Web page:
MADRID – The International Monetary Fund (FMI) has adjusted its economic forecasts for Spain. According to the organisation, inflation in the country will be close to 4% in 2024. That´s four-tenths higher than the expected 3.5% for this year.
This comes in an environment of global economic slowdown. The FMI has revised downwards growth expectations for the Spanish economy. Growth of 2.5% was previously expected for this year. However, the fund now predicts growth of only 1.7% for the coming year in its autumn forecast. This cooling is attributed to the general economic slowdown in Europe, caused by higher interest rates and economic stagnation in Germany.
At the end of September, the Spanish Bank also warned of higher inflation than expected for this year and next year.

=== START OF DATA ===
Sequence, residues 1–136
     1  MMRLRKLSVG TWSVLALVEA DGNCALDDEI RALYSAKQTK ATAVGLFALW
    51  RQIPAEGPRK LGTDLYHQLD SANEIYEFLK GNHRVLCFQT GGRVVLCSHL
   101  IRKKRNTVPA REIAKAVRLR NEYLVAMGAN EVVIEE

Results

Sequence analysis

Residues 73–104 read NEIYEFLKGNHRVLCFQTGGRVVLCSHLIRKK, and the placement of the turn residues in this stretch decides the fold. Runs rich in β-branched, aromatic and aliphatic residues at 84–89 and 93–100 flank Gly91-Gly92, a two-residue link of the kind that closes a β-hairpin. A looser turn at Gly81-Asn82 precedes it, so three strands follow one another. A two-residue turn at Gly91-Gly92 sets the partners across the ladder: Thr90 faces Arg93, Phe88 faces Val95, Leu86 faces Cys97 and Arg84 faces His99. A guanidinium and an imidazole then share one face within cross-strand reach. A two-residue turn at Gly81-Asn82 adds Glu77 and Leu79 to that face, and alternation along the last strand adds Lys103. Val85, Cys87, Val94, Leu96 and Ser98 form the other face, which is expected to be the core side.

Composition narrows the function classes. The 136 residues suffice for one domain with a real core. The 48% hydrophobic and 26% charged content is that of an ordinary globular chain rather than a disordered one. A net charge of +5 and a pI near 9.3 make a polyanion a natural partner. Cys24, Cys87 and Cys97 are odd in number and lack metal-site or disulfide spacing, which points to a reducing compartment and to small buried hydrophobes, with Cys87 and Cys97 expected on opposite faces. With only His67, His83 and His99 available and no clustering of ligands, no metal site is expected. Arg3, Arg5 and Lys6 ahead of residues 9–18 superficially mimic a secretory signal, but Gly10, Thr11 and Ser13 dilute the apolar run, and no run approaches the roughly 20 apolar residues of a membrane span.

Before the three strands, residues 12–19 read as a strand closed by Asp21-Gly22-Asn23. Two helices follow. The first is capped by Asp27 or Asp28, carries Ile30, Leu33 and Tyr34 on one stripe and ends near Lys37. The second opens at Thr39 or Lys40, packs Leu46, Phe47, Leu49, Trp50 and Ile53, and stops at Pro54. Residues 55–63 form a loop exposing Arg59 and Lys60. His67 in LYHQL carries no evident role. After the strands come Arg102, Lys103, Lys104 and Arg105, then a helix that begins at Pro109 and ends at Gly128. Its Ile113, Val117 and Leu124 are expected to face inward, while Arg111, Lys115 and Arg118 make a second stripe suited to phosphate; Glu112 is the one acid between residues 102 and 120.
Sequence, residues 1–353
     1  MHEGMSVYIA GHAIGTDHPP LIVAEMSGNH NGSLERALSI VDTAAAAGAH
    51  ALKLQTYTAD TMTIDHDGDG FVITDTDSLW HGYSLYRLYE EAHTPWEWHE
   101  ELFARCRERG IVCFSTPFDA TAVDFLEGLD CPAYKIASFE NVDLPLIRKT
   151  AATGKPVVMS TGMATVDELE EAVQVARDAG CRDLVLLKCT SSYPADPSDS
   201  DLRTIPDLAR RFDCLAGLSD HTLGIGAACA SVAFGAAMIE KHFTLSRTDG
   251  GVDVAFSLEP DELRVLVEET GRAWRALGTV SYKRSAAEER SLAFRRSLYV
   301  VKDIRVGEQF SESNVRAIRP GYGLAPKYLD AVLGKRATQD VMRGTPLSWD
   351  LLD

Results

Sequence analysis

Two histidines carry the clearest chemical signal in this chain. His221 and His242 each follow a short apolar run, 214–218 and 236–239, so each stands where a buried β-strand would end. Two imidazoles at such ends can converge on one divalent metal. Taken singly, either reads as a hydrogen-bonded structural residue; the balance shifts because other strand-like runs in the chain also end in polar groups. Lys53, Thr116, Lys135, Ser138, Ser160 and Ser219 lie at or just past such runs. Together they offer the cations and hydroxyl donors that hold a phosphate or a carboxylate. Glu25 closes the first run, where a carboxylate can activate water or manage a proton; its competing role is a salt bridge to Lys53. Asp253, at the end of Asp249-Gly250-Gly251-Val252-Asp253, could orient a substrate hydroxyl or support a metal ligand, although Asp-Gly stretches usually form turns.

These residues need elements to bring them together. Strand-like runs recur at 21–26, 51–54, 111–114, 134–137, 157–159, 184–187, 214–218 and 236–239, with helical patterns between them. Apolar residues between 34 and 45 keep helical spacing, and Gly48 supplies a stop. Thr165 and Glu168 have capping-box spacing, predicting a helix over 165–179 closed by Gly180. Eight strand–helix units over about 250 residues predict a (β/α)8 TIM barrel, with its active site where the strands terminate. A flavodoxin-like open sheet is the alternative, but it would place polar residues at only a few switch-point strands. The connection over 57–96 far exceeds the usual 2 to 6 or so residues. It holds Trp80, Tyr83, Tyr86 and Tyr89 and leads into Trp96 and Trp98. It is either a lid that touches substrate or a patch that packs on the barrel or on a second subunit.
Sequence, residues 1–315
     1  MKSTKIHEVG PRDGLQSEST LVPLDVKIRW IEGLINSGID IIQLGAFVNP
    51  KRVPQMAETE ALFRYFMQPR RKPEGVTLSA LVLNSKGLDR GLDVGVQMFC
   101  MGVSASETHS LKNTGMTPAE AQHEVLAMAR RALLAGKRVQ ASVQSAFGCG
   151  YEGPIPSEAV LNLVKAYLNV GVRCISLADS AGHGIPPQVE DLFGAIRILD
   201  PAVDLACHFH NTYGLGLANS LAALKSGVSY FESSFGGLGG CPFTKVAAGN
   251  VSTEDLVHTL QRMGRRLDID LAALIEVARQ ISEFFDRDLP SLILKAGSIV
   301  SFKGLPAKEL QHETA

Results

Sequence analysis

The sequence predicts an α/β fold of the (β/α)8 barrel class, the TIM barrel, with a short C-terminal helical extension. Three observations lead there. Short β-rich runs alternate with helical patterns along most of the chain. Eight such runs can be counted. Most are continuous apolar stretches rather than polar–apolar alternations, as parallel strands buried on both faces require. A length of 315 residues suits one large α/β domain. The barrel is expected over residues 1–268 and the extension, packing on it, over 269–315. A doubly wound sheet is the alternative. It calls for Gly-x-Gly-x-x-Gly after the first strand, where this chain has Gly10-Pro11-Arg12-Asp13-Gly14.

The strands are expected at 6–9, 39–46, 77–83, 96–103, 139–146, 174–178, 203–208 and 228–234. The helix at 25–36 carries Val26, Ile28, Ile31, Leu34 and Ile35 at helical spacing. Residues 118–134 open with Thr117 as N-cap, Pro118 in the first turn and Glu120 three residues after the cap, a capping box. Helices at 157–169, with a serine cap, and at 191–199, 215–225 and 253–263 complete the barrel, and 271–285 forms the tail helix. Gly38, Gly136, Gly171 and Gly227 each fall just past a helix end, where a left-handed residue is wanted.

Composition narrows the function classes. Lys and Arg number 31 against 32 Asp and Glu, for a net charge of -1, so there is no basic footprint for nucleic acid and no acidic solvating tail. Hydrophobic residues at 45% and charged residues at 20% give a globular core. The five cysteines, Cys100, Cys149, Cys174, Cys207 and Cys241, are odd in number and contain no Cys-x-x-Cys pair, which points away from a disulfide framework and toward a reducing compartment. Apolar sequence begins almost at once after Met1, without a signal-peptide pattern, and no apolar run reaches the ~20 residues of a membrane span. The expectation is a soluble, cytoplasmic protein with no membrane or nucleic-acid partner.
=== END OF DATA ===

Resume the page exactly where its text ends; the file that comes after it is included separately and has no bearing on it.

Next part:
Positive news for the labour market
Despite this gloomy outlook, there is also good news. Unemployment in Spain is expected to fall to 11.3% in the coming year. This is a positive note in an otherwise mixed economic picture.
Inflation compared to other European countries
Although Spanish inflation this year will be lower than the 4.6% average for advanced economies, the FMI warns that inflation is expected to rise to 3.9% next year. This is higher than inflation expectations for major European economies such as Germany, France and Italy, which are 3.5%, 2.5% and 2.6% respectively for 2024.
Stricter monetary policy
The FMI notes that the slowdown in most eurozone countries is partly due to tighter monetary policies needed to control inflation. However, the effects of this policy are unevenly distributed across the different countries.